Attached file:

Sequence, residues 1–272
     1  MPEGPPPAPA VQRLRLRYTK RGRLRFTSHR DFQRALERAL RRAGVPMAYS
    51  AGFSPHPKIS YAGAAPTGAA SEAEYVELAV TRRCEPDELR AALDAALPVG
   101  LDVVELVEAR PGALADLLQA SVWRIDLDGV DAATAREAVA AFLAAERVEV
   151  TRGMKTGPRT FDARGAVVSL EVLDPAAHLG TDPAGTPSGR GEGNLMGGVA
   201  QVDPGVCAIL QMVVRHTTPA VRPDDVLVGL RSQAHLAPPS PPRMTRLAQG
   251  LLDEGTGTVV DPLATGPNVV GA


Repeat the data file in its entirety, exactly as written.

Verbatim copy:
Sequence, residues 1–272
     1  MPEGPPPAPA VQRLRLRYTK RGRLRFTSHR DFQRALERAL RRAGVPMAYS
    51  AGFSPHPKIS YAGAAPTGAA SEAEYVELAV TRRCEPDELR AALDAALPVG
   101  LDVVELVEAR PGALADLLQA SVWRIDLDGV DAATAREAVA AFLAAERVEV
   151  TRGMKTGPRT FDARGAVVSL EVLDPAAHLG TDPAGTPSGR GEGNLMGGVA
   201  QVDPGVCAIL QMVVRHTTPA VRPDDVLVGL RSQAHLAPPS PPRMTRLAQG
   251  LLDEGTGTVV DPLATGPNVV GA